The Centre on Wednesday asked its States to be prepared for the “worst situation” and ensure adequate availability of seeds for the kharif season in case of deficient monsoon rainfall. The latest advisory has come after the India Meteorological Department (IMD) confirmed that the majority of global models indicate the emergence of a moderate El Nino during the monsoon season (June–September), which contributes 72 per cent of the annual rainfall in the country.

Addressing the annual Kharif Campaign, organised to prepare strategies for the upcoming season, Union Agriculture Secretary Manoj Ahuja said the weather department has forecast a normal monsoon and El Nino conditions could develop during the monsoon season.

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“We should be prepared for the worst situation. There are chances of less rain, and there are chances that El Nino conditions might not occur. There should be complete preparedness at the State level,” he said.

According to IMD, the monsoon will be “normal” (96 per cent of the Long Period Average) this year, and the next update will be issued by the end of this month. However, private weather forecaster Skymet has predicted a “below normal” monsoon (94 per cent of LPA). Monsoon rainfall between 96 and 104 per cent of the long-period average (LPA) of 868.6 mm is known as “normal,” and between 90 and 95 per cent of the LPA is considered “below normal”.

Climate-resilient seeds

Since seeds are the key component that is immediately required in case of deficient or delayed rainfall as farmers have to re-sow the same or alternative short-duration crops or varieties all of a sudden, the demand has to be met immediately. Ahuja requested that States ensure that there is adequate availability of seeds for the sowing operations and assess the situation regularly throughout the season.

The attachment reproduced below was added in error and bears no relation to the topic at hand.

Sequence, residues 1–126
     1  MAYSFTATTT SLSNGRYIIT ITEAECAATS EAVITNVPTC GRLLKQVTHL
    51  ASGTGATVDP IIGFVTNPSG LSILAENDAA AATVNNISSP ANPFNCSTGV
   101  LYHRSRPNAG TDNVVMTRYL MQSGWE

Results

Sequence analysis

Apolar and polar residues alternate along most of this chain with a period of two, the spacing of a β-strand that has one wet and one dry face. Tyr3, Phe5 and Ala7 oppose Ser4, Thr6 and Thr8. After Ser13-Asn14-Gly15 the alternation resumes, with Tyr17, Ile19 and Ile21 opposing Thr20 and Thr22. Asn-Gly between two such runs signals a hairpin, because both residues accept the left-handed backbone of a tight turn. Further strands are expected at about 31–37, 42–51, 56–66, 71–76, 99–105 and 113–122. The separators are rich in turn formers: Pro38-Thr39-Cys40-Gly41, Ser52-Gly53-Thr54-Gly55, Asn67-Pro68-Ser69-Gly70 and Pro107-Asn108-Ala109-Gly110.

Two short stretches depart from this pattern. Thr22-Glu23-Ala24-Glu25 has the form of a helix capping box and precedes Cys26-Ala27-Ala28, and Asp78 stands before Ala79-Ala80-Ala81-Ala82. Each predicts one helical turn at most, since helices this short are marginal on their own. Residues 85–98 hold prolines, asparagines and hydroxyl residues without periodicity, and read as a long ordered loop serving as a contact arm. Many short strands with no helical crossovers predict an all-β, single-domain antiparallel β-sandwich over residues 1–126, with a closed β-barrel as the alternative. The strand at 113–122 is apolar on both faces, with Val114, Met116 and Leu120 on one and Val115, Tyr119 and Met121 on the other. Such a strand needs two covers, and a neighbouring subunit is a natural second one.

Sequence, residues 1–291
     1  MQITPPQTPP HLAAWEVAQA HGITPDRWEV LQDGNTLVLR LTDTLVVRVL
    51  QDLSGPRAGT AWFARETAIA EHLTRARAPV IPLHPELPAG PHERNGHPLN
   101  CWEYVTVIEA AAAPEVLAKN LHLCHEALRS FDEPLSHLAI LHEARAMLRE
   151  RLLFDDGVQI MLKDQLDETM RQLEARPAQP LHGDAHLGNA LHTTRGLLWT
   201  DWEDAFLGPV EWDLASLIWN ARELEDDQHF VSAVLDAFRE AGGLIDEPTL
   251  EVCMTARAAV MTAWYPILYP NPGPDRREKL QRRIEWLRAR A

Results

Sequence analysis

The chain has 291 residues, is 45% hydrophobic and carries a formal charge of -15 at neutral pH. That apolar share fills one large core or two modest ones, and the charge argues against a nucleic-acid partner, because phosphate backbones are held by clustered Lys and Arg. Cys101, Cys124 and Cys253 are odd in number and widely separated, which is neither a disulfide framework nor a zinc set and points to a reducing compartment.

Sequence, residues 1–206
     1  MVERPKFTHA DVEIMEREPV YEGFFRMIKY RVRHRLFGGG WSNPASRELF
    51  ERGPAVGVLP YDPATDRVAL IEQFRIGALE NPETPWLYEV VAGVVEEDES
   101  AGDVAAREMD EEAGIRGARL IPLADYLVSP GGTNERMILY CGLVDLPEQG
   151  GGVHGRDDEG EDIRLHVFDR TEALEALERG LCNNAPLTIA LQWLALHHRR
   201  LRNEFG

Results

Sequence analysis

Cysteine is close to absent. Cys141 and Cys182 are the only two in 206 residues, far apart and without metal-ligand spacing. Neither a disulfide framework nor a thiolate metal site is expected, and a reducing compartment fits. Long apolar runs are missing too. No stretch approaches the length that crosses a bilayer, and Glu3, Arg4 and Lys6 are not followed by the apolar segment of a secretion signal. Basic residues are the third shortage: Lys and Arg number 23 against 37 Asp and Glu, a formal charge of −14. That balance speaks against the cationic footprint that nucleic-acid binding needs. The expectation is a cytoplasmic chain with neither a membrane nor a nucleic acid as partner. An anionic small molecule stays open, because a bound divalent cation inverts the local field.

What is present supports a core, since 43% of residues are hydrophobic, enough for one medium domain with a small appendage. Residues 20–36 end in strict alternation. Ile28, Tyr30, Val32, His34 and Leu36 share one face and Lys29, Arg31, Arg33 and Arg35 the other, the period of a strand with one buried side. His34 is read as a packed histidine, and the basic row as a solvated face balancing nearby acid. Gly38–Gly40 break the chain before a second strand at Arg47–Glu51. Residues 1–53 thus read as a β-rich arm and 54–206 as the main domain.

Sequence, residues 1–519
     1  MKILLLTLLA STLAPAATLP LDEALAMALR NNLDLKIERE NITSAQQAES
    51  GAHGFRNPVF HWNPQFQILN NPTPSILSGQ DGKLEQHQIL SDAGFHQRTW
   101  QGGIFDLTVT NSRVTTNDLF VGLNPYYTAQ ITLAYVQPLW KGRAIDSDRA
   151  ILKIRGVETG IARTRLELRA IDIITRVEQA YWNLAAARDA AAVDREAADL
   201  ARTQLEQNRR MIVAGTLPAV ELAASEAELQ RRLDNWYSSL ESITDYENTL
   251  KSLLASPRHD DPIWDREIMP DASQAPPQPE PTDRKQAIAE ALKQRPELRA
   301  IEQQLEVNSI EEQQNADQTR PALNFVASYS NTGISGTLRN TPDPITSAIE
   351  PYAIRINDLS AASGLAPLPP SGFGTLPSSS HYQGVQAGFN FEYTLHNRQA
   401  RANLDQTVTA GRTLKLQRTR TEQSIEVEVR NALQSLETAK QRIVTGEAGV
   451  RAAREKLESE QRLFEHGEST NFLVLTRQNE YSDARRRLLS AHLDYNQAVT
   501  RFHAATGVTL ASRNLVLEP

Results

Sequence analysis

Highlighting the importance of climate-resilient seed varieties, which help maintain yield in adverse weather conditions due to climate challenges, he suggested the dissemination of a single advisory to farmers for weather updates.

Earlier, inaugurating the conference, Agriculture Minister Narendra Singh Tomar asked States to promote technology in the farm sector to cut input costs, boost production, and increase farmers’ income. He said profit guarantee is the need of the hour, and technology can help make farming profitable by reducing input costs and increasing production.

As agriculture is a State subject, he urged State governments to implement Central programmes and contribute funds adequately for better results. In some of the farm sector schemes like crop insurance, States are also required to contribute half of the subsidy burden though their roles are never acknowledged in the promotion of such schemes.

Tomar also requested that States promote nano fertilisers, which have already been launched in the market, as consumption of conventional (granular) urea has not reduced despite the availability of alternative nano-urea and the adoption of natural and organic farming practices.

According to the ministry, fertiliser consumption in the country increased 1.6 per cent to 585.43 lakh tonnes (lt) in 2022–23 from 576.09 lt in the previous year. Out of this, urea sales are up 5.3 per cent to 356.75 lt and DAP by 14.1 per cent to 105.19 lt. However, consumption of MoP dipped 33.4 per cent to 16.28 lt and that of complex by 11.3 per cent to 107.21 lt.